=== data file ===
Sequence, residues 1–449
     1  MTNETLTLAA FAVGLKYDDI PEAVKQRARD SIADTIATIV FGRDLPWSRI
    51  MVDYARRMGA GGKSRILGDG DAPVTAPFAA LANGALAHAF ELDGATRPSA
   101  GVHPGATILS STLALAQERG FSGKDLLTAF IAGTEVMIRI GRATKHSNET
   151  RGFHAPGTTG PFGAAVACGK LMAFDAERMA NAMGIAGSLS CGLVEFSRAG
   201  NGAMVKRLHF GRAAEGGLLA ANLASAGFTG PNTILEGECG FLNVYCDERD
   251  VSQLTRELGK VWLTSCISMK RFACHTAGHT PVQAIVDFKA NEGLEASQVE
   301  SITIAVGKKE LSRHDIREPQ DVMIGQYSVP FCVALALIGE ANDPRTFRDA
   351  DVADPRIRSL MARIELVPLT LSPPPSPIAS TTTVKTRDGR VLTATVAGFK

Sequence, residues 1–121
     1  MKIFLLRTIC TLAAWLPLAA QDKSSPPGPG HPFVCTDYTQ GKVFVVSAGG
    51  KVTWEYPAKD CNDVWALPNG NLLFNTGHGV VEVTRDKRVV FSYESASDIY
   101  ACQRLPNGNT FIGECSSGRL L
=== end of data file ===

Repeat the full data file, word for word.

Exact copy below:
Sequence, residues 1–449
     1  MTNETLTLAA FAVGLKYDDI PEAVKQRARD SIADTIATIV FGRDLPWSRI
    51  MVDYARRMGA GGKSRILGDG DAPVTAPFAA LANGALAHAF ELDGATRPSA
   101  GVHPGATILS STLALAQERG FSGKDLLTAF IAGTEVMIRI GRATKHSNET
   151  RGFHAPGTTG PFGAAVACGK LMAFDAERMA NAMGIAGSLS CGLVEFSRAG
   201  NGAMVKRLHF GRAAEGGLLA ANLASAGFTG PNTILEGECG FLNVYCDERD
   251  VSQLTRELGK VWLTSCISMK RFACHTAGHT PVQAIVDFKA NEGLEASQVE
   301  SITIAVGKKE LSRHDIREPQ DVMIGQYSVP FCVALALIGE ANDPRTFRDA
   351  DVADPRIRSL MARIELVPLT LSPPPSPIAS TTTVKTRDGR VLTATVAGFK

Sequence, residues 1–121
     1  MKIFLLRTIC TLAAWLPLAA QDKSSPPGPG HPFVCTDYTQ GKVFVVSAGG
    51  KVTWEYPAKD CNDVWALPNG NLLFNTGHGV VEVTRDKRVV FSYESASDIY
   101  ACQRLPNGNT FIGECSSGRL L